The cause of such mental anguish is Ellie Piercy’s Juliet. As a 26 year old graduate of RADA who previously studied Cultural Studies, specialising in English Literature and Theatre, at Glasgow University, Piercy is something of an older woman who readily admits that “Romeo is my toy-boy.”

Adding to her comparatively worldly wise demeanour, she also points out that “Last time I was in the Quad was when I was doing my exams.”

While in Glasgow, Piercy’s extra-curricular activities included involvement with Push Bar To Open theatre company, devising work with a young company that included a pre-Snuff Davey Anderson cutting his theatre-making teeth. Alongside Madden, Piercy also became involved in the early days of the now established Bard In the Botanics seasons of open-air Shakespeares, playing Helena in A Midsummer Night’s Dream, and had her first stab at playing Juliet.

“That was a different character then,” Piercy says. “Now it’s a different time, and for me it’s a different story. I don’t mean that to be in any way intended as disrespectful to Bard In The Botanics, but I was younger then, and hadn’t trained as an actress. What I was learning then was about how to go deeper into an art-form that you love. I was lucky then to be exploring site-specific based work and all kinds of other things that have held me in good stead. At Glasgow I found the academic side of things quite hard, but I was so lucky getting to explore the things that I did. You can never get enough information.”

How all this translates into this new open-air Romeo And Juliet remains to be seen. Artistic Director of Shakespeare’s Globe Dominic Dromgoole has every faith in director Edward Dick and his young cast. Neither is he overly concerned with any preconceptions of it as museum-bound Shakespeare-lite for the fizzy drinks set.”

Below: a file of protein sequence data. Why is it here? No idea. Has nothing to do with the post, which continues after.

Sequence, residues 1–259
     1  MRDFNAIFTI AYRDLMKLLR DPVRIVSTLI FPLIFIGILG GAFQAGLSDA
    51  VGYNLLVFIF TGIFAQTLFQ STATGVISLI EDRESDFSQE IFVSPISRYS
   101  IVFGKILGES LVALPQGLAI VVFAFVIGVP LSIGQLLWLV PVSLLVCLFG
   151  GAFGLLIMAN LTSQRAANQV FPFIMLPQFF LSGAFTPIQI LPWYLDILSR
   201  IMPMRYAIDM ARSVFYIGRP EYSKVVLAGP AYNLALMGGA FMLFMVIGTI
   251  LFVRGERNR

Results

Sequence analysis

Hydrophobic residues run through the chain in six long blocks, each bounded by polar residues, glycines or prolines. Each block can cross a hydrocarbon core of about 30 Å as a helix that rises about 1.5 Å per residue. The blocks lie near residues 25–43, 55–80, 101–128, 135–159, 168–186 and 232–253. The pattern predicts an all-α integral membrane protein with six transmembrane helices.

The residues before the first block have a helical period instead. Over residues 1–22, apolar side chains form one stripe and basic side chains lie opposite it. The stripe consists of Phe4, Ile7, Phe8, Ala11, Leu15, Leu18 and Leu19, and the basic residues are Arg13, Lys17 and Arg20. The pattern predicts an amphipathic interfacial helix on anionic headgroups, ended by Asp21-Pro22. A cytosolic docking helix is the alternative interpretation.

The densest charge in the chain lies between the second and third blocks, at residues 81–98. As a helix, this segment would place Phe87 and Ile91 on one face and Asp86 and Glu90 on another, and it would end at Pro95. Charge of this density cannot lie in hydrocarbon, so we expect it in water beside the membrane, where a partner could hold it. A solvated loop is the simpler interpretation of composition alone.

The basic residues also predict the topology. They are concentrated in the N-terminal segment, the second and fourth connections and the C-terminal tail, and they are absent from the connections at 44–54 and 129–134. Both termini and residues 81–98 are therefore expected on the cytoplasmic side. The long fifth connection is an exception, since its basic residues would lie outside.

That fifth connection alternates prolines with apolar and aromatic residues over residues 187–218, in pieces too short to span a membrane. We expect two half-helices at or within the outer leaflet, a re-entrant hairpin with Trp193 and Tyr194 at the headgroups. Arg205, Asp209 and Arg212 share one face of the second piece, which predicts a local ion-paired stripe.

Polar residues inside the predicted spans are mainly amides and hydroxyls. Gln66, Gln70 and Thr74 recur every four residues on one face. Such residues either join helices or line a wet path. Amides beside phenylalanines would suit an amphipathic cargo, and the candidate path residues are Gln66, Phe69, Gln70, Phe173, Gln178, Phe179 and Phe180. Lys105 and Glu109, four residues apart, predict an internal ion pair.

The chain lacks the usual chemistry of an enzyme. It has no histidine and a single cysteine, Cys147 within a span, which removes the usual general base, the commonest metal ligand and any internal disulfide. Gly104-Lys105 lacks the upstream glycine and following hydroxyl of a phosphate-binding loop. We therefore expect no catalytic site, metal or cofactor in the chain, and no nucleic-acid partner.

“There’s an incredibly unwarranted Puritanism in English and Scottish theatre,” he points out, “that suggests that theatre can’t be something that’s pleasurable. There’s a sense of aggression against pleasure from elements that think theatre should purely be gritty and dour and instructive. I think that’s nonsense personally. Strawberries and cream is pleasant. Sitting on the lawn in the sun is pleasant, and I welcome that. People can bring drugs if they want. They can bring drink if they want. They can bring strawberries and cream if they want. As long as they bring it in the spirit of pleasure, I don’t mind.”

Romeo And Juliet, University Of Glasgow Quadrangle, June 19-24 (not Sat) 8pm, June 24, 3pm
www.westendfestival.co.uk

The Herald - June 12th 2007

ends

Comments

Popular posts from this blog

Clybourne Park

Adam Smith Theatre, Kirkcaldy Four Stars